So yes, education is free, but what kind of education??

_________________
sj355


Top
 Profile  
 
 Post subject:
PostPosted: Fri May 04, 2007 11:49 am 
Well that depends what you mean by education, Mike. If, as even the teachers at our local comp will admit, there is virtually no actual learning going on in class, rather a fraught and noisy attempt at class control where no one, neither pupils nor teachers feels physically safe, then I don't think there is.

As for Blair not promising "Quality" education, that is semantics. In saying education three times he was clearly indicating that his intention was to improve significantly the situation. He has not. His phrase also implied it would be his priority. It has not been. The tragic and shameful Iraq war will be his legacy, not education. A 40 per cent increase in the private sector says it all.

And as for house prices. Well £150,000 is alot of money which many people haven't got. Nor should we have to play monopoly to secure a basic, decent education for our kids.


Top
  
 
 Post subject:
PostPosted: Fri May 04, 2007 11:57 am 
Offline

Joined: Thu Nov 02, 2006 3:07 pm
Posts: 1149
Location: Finchley - Barnet
Quote:
[
I had a look to sample of recent intermediate GCSE exams and the latter seems to be the truth. It esentially involves nothing more than doing percentages, re-arranging formulas as well as solving simple equations, simultaneous equations and inequalities! I was horrified!!



Just to show you I am not exaggerating, take this one:

Sue teaches years 9-11. She taught 310 lessons last term. 30% were year 9 lessons. 20% were year 10 lessons. The rest were year 11 lessons. Find the number of year 11 lessons that Sue taugh last term.


Good grief!!

_________________
sj355


Top
 Profile  
 
 Post subject:
PostPosted: Fri May 04, 2007 12:04 pm 
Offline

Joined: Thu Nov 02, 2006 3:07 pm
Posts: 1149
Location: Finchley - Barnet
Quote:

Just to show you I am not exaggerating, take this one:

Sue teaches years 9-11. She taught 310 lessons last term. 30% were year 9 lessons. 20% were year 10 lessons. The rest were year 11 lessons. Find the number of year 11 lessons that Sue taugh last term.


Good grief!!


And another one:

The length of the longer side in a rectangle is x cm. Solve this equation to find x.

x^2-5x-36=0.

:lol:

_________________
sj355


Top
 Profile  
 
 Post subject:
PostPosted: Fri May 04, 2007 6:03 pm 
Offline

Joined: Thu Jan 12, 2006 3:29 pm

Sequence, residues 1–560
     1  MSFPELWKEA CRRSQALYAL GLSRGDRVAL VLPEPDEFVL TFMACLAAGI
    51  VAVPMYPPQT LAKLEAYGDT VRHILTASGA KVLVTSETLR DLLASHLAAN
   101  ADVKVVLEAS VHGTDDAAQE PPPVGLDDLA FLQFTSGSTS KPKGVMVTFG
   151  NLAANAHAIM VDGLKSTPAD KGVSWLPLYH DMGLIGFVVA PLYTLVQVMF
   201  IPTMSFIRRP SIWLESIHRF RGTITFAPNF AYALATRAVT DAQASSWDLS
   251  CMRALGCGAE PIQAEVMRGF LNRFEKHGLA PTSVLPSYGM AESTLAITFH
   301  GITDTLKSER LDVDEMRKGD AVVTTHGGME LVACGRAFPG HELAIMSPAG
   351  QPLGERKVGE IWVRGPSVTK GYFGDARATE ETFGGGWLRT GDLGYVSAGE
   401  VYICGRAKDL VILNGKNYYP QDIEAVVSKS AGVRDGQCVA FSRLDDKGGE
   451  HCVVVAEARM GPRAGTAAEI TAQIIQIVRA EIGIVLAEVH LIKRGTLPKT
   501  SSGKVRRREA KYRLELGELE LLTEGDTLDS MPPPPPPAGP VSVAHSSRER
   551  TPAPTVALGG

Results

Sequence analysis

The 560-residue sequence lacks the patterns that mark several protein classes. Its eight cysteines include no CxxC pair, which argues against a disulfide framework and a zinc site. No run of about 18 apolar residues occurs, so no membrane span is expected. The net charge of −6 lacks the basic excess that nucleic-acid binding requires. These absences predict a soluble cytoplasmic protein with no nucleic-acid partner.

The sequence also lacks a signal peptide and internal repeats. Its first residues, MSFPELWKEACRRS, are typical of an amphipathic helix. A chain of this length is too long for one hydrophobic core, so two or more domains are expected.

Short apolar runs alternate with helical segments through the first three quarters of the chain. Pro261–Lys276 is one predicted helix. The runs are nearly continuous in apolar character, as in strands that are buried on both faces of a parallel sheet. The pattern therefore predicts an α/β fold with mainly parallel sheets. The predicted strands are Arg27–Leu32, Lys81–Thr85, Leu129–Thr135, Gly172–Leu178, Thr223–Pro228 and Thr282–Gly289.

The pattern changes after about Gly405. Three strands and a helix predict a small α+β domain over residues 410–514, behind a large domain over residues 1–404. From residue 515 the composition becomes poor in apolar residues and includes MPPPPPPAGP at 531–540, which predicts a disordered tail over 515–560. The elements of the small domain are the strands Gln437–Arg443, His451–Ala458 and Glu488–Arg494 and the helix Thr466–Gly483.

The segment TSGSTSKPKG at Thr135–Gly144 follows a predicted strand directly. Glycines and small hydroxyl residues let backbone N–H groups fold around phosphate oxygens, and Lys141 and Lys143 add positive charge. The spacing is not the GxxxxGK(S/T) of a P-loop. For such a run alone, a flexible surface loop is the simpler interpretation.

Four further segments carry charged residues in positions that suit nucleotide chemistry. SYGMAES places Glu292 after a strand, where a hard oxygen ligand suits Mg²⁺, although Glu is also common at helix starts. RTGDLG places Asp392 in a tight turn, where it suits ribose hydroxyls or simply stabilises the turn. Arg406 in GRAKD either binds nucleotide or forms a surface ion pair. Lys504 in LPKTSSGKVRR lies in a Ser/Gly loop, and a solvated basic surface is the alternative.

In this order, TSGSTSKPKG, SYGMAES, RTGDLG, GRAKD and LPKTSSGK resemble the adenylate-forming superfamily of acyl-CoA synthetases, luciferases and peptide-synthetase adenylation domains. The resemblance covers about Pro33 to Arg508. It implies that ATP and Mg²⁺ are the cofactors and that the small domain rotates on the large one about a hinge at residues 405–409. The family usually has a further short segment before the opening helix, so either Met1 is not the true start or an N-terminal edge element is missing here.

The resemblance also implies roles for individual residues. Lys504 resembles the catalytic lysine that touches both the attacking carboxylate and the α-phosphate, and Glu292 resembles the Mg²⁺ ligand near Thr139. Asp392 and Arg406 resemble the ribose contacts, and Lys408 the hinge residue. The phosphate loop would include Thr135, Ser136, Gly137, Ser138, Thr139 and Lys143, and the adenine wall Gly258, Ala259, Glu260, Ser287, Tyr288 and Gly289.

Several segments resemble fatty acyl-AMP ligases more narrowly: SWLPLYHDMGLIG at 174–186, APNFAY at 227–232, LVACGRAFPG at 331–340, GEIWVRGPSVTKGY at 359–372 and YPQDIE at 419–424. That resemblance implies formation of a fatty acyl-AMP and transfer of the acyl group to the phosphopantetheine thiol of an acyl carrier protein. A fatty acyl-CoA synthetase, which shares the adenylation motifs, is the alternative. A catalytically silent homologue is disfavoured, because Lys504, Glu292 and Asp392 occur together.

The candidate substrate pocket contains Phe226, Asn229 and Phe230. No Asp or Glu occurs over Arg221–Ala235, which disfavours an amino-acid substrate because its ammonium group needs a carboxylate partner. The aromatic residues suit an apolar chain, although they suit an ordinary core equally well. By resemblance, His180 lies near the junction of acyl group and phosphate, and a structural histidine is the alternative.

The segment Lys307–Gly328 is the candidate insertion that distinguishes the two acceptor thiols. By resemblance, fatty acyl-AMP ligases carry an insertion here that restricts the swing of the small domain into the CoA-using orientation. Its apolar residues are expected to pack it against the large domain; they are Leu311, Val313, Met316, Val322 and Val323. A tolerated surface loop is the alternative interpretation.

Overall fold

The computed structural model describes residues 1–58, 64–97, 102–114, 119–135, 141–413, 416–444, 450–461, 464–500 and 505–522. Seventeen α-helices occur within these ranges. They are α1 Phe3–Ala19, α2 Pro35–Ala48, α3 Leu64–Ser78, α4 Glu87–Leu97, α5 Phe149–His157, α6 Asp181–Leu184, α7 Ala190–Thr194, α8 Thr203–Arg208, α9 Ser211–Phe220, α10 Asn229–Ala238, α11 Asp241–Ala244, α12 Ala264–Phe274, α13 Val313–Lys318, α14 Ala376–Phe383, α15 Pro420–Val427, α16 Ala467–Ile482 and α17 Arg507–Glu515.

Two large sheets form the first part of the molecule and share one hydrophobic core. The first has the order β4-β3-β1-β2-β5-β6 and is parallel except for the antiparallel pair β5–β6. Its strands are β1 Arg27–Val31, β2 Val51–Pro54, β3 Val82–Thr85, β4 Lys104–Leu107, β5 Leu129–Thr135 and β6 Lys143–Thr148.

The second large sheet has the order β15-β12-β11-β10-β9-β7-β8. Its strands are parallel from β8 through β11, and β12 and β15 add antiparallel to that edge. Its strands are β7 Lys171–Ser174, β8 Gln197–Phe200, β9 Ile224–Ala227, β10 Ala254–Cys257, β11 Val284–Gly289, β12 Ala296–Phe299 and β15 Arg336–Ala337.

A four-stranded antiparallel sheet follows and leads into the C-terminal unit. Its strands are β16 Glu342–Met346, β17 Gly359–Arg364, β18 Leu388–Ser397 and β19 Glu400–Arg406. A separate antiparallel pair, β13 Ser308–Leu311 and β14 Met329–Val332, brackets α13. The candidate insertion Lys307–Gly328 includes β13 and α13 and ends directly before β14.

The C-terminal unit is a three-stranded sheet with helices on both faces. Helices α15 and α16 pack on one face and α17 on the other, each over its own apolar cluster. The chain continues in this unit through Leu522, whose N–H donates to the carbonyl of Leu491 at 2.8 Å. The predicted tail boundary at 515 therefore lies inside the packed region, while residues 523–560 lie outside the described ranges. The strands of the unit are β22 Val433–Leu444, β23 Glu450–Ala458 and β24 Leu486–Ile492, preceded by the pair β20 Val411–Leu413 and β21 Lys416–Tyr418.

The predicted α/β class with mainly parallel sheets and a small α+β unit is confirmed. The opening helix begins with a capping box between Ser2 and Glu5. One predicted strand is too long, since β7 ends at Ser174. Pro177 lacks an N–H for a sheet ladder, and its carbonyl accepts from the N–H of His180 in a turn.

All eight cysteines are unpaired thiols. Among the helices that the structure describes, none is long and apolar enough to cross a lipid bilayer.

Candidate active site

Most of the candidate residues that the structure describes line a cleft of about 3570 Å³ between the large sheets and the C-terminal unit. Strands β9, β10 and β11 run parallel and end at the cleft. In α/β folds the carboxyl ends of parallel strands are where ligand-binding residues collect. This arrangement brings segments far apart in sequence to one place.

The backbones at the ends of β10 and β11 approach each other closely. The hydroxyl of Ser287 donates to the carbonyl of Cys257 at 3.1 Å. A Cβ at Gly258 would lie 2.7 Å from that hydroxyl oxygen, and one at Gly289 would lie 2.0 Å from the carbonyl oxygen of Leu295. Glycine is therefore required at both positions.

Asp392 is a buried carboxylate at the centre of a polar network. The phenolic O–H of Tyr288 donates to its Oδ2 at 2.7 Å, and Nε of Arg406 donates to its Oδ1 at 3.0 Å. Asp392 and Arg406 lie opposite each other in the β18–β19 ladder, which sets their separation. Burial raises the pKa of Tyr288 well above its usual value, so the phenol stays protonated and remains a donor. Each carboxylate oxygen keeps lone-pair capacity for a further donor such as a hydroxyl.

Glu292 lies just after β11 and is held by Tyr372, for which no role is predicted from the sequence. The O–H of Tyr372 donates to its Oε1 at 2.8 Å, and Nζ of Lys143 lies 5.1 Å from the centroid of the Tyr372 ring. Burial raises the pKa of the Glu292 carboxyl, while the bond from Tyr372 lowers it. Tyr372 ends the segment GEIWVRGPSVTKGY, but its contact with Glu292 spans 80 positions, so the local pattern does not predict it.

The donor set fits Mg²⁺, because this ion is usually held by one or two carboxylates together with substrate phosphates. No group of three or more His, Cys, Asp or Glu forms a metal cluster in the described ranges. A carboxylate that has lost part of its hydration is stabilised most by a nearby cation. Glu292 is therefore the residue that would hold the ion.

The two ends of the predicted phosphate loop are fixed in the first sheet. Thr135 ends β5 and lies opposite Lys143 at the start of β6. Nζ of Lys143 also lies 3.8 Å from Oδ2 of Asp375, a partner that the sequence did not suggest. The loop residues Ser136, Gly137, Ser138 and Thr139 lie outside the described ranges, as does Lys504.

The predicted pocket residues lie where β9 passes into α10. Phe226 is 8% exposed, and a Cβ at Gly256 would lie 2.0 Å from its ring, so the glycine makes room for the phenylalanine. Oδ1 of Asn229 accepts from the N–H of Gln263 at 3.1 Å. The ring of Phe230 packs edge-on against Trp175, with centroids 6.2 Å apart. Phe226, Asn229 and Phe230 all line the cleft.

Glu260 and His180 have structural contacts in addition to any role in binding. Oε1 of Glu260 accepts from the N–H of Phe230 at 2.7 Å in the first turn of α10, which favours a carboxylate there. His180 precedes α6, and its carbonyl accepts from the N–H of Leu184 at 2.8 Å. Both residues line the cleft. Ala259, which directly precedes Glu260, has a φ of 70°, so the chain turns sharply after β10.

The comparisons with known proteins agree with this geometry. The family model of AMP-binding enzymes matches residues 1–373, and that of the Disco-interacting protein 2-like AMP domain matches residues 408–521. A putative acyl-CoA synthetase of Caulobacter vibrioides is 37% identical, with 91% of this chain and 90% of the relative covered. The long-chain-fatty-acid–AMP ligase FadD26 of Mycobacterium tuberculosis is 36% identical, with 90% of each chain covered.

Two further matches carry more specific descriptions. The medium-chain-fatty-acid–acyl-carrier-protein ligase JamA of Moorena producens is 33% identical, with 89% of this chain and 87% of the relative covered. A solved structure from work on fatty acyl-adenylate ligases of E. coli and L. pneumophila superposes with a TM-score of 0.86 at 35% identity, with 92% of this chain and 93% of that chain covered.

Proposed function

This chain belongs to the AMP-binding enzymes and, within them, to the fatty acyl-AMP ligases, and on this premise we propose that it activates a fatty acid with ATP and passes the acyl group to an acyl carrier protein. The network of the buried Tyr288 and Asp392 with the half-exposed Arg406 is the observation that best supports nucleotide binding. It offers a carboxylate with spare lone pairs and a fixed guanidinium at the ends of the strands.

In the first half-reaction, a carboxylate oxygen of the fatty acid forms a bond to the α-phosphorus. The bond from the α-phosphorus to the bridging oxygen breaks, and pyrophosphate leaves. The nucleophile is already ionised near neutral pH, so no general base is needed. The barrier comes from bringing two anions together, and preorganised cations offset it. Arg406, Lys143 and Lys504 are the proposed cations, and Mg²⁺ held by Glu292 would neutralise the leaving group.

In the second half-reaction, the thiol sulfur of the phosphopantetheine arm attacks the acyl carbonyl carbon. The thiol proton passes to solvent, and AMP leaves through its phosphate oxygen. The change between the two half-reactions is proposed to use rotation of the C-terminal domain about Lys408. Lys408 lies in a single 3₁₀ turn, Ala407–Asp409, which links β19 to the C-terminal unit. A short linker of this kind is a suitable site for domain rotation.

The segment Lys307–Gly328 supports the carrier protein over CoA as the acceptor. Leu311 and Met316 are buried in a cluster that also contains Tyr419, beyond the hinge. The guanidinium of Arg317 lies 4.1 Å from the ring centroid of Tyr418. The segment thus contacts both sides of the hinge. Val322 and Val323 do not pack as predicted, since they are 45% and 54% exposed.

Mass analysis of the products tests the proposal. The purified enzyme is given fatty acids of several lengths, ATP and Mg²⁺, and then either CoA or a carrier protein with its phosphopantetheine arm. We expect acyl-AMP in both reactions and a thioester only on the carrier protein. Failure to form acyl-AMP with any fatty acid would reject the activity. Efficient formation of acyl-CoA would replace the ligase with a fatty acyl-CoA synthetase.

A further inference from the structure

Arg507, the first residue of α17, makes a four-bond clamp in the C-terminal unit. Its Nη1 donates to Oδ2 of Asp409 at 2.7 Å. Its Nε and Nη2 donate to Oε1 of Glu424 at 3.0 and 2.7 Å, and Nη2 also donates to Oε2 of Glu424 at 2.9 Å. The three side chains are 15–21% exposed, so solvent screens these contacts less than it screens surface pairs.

Posts: 625
Hi

I think Blair was voted in more than once after making his education, education, education speech by the democratic processes that exist in the UK whereby a party with less than 50% support of the electorate manages to get into power.

If proportional representation existed in the UK the people of the UK would be represented better.

Also if compulsory voting existed more people would feel franchised into the system.

It seems to me that instead of the children getting educated, it is the parents who have been.

There has never been equality in education and never will be.

Those parents on low incomes who make sacrifices for their cildren expect their children to reap the benefits of a better education in the future.

Remember that Mr & Mrs Megarich who send their children to expensive private schools do not have the choice of opting out from paying into the UK tax system.

Education is not free and never has been, nor is the NHS or state benefit system. Someone, somehow, somewhere pays.

Here´s a hypothetical situation that is not far from the truth.

Approximately 100,000 leave the UK permanently each year. Lets say that each of them sells a property in the UK or uses a llump sum pension or receives payment from a matured endowment policy.

Anyway, lets average the figure to 100,000 pounds per person.

That is 1,000,000,000,000 pounds.

A large percentage of the people leaving the country are pensioners who have their pensions paid directly to their new home abroad.

Let´s say half of them and they receive pension benefits of say 10,000 pounds per year, don´t want to exagerate!!

That is 500,000,000 pounds per year, all being spent in a little corner shop somewhere else in the world.